While the NFL just finished its 2011 draft this weekend, it once again is in a lockout, with the owners and players fighting over revenue, season length, health care and other issues. The actual numbers for each of the teams are hard to come by, but thanks to Forbes, we wanted to see what kind of money is being fought over by the 32 owners (as a confession, I am a little biased towards the players).
As seen here, the revenue exceeds payroll by hundreds of millions of dollars per team. While Forbes and the teams in general are not clear on what revenue means, it is possible that the net earnings per year are higher or lower if other expenses are included. At first glance it seems like owners should be making concessions, especially when an average players career is extremely short and often the rest of their lives destroyed due to tremendous musculoskeletal and neurological issues.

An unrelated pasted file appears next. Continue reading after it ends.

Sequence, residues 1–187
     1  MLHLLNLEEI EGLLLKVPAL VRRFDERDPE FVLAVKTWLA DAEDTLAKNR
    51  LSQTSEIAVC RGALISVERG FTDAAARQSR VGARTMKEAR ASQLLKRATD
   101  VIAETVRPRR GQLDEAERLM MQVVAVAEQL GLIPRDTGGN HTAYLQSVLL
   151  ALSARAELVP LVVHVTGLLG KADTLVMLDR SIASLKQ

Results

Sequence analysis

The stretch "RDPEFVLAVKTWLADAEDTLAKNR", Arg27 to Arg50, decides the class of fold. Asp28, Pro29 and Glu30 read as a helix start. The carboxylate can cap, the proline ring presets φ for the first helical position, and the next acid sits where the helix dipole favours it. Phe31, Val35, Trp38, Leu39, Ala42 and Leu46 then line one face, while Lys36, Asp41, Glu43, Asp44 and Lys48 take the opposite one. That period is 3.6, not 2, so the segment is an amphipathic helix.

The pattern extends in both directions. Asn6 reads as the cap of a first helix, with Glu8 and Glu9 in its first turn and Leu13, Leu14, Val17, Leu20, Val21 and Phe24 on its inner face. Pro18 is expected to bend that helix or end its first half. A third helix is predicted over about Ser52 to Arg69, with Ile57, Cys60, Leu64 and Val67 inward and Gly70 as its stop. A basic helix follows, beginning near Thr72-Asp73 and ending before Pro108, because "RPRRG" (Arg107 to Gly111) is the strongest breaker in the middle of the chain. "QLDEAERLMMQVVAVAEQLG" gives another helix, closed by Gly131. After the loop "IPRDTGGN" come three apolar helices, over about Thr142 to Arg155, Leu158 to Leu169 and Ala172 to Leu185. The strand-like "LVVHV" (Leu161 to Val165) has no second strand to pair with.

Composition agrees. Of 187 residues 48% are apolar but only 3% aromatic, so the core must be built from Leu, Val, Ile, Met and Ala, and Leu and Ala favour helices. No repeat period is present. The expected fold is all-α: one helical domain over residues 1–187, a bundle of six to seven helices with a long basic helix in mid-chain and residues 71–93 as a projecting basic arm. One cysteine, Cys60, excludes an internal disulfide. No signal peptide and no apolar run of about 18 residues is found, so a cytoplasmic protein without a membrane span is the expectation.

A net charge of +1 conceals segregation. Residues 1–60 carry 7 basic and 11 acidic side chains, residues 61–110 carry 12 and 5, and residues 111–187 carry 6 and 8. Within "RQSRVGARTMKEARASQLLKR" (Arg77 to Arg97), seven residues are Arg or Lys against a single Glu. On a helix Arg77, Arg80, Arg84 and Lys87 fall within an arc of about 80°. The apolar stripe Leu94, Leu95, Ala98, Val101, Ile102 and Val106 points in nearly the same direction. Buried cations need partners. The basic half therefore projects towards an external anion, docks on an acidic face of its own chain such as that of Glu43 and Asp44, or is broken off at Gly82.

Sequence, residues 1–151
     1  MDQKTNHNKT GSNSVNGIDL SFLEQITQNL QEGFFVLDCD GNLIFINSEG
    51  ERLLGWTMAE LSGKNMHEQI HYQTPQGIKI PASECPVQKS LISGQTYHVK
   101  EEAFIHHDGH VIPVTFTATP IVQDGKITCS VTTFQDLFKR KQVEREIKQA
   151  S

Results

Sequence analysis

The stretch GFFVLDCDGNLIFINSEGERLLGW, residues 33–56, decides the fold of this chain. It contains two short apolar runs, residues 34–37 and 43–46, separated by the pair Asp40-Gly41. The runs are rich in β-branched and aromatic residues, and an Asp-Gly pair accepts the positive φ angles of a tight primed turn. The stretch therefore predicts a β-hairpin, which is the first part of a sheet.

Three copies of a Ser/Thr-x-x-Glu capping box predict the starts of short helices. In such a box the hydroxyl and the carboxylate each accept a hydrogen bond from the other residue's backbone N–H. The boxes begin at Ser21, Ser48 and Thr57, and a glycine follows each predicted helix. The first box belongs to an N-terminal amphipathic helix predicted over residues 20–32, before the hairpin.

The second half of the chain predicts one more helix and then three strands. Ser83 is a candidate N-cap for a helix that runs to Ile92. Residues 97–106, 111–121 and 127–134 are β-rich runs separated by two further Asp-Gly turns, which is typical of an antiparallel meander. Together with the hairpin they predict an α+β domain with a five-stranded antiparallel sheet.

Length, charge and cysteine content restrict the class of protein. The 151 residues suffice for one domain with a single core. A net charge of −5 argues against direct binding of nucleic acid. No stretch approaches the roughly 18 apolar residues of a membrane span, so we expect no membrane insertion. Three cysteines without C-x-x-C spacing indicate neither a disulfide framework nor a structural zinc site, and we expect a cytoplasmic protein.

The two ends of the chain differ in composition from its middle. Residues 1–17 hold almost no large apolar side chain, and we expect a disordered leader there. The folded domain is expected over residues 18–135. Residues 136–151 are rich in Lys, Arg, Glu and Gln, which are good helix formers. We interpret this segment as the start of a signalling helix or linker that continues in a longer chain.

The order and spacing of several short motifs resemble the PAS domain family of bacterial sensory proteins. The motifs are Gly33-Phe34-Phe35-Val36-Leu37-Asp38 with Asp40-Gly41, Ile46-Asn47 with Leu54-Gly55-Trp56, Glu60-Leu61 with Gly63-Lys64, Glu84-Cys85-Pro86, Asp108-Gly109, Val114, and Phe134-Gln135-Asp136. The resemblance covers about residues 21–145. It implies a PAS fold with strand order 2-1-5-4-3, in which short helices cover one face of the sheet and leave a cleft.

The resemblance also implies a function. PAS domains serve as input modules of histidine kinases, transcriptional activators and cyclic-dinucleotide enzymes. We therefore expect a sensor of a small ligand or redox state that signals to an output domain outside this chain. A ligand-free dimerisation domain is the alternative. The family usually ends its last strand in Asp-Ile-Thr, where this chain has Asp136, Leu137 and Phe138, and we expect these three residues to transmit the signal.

In terms of team value, the Dallas Cowboys and Washington Redskins lead the way, with the Jacksonville Jaguars bringing up the rear. Much of this estimate is based on the value of the stadium, which from my understanding comes mostly from tax payer money.
More than half the teams are valued above $1 billion, with each one above $725 million. The numbers are astounding, and regardless of which side you support, the only clear message I have really taken away from all this expense research is that neither side really cares about the fans. When there is so much money at stake, greed is the number one priority.